however, large scale tidal power operations are not
technologically or economically feasible at the present time.
Tidal sites are therefore limited to more modest
developments.
h
Disadvantages
• Presently costly
– Expensive to build and maintain
– A 1085MW facility could cost as much as 1.2 billion dollars to
construct and run
• Connection to the grid
• Technology is not fully developed
• Barrage style only produces energy for about 10 hours
out of the day
• Barrage style has environmental affects
– Such as fish and plant migration
– Silt deposits
– Local tides change- affects still under study
Advantages
• No pollution
• Renewable resource
• More efficient than wind because of the density of
water
• Predictable source of energy vs. wind and solar
• Second generation has very few disadvantages
– Does not affect wildlife
– Does not affect silt deposits
– Less costly – both in building and maintenance
Turning Waves into Usable Energy
• Oscillating water column
• Incoming waves force air up
column to turn the turbine
• Outgoing waves suck air down
column to turn the turbine
Tapered Channel System (TAPCHAN)
• Waves feed through
tapered channel into
reservoir and are then fed
through a turbine
• Kinetic energy of the
moving wave is changed to
potential energy as water is
collected in the reservoir
• Concept is similar to that of
traditional hydroelectric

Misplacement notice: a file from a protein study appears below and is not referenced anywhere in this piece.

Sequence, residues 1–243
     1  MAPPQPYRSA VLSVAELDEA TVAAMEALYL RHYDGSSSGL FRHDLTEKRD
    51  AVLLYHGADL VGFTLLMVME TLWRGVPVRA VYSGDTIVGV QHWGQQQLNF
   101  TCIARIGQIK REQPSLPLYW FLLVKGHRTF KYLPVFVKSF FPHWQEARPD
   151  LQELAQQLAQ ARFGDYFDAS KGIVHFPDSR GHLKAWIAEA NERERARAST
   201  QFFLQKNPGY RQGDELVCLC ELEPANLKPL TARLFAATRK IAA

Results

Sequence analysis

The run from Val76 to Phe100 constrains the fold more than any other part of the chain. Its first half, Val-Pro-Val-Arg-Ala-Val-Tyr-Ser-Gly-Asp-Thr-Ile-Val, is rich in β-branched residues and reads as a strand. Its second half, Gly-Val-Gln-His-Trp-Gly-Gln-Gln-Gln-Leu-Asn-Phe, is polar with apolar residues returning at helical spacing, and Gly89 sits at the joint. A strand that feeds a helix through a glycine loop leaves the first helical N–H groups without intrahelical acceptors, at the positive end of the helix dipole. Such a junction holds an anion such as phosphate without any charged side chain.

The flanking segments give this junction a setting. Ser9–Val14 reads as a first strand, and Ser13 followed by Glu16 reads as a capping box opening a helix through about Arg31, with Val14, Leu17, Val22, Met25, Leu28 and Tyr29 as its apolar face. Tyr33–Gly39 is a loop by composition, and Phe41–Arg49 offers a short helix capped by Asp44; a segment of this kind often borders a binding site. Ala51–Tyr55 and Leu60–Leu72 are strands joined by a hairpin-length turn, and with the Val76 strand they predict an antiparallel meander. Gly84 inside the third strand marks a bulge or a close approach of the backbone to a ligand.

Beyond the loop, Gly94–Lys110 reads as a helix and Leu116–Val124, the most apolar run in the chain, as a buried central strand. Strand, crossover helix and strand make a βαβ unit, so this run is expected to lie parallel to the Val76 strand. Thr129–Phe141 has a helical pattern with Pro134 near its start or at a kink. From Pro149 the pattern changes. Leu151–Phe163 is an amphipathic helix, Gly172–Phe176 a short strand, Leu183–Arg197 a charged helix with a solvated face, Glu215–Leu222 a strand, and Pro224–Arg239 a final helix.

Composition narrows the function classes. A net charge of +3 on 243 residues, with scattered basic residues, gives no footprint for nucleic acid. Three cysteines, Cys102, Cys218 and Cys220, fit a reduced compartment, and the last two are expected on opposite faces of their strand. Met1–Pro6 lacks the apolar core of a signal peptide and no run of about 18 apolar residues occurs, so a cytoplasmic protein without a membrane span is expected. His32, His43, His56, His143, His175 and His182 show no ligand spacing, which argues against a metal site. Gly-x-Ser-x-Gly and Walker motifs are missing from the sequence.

devices
Floating Devices
•
•
•
The Salter Duck, Clam, Archimedes wave swing, and
other floating wave energy devices generate
electricity through the harmonic motion of the
floating part of the device. In these systems, the
devices rise and fall according to the motion of the
wave and electricity is generated through their
motion.
The Salter Duck is able to produce energy very
efficiently, however its development was stalled
during the 1980s due to a miscalculation in the cost
of energy production by a factor of 10 and it has
only been in recent years when the technology was
reassessed and the error identified.
Anaconda Wave Energy Converter
Floating Devices
(Salter Duck, Clam, Archimedes)
• Salter Duck-Electricity is
generated through the
movement of the device
on the wave (bobbing up
and down)
Salter “Ducks”
• Scottish physicist Prof. Stephen Salter
invented “Nodding Duck” energy
converter in 1970
• Salter “ducks” rock up and down as the
wave passes beneath it. This oscillating
mechanical energy is converted to
electrical energy
• Destroyed by storm
• A floating two-tank version drives
hydraulic rams that send pressurized
oil to a hydraulic motor that drives a
generator, and a cable conducts
electricity to shore
• Advantages
•
•
•
•
The energy is free - no fuel needed, no waste produced.
Most designs are inexpensive to operate and maintain.
Waves can produce a great deal of energy.
There are minimal environmental impacts.
• Disadvantages
• Depends on the waves - sometimes you'll get loads of energy, sometimes
nothing.
• Needs a suitable site, where waves are consistently strong.
• Must be able to withstand very rough weather.
• Disturbance or destruction of marine life
• Possible threat to navigation from collisions because the wave energy
devices rise only a few feet above the water.
• Degradation of scenic ocean front views from wave energy devices located
near or on the shore, and from onshore overhead electric transmission
lines.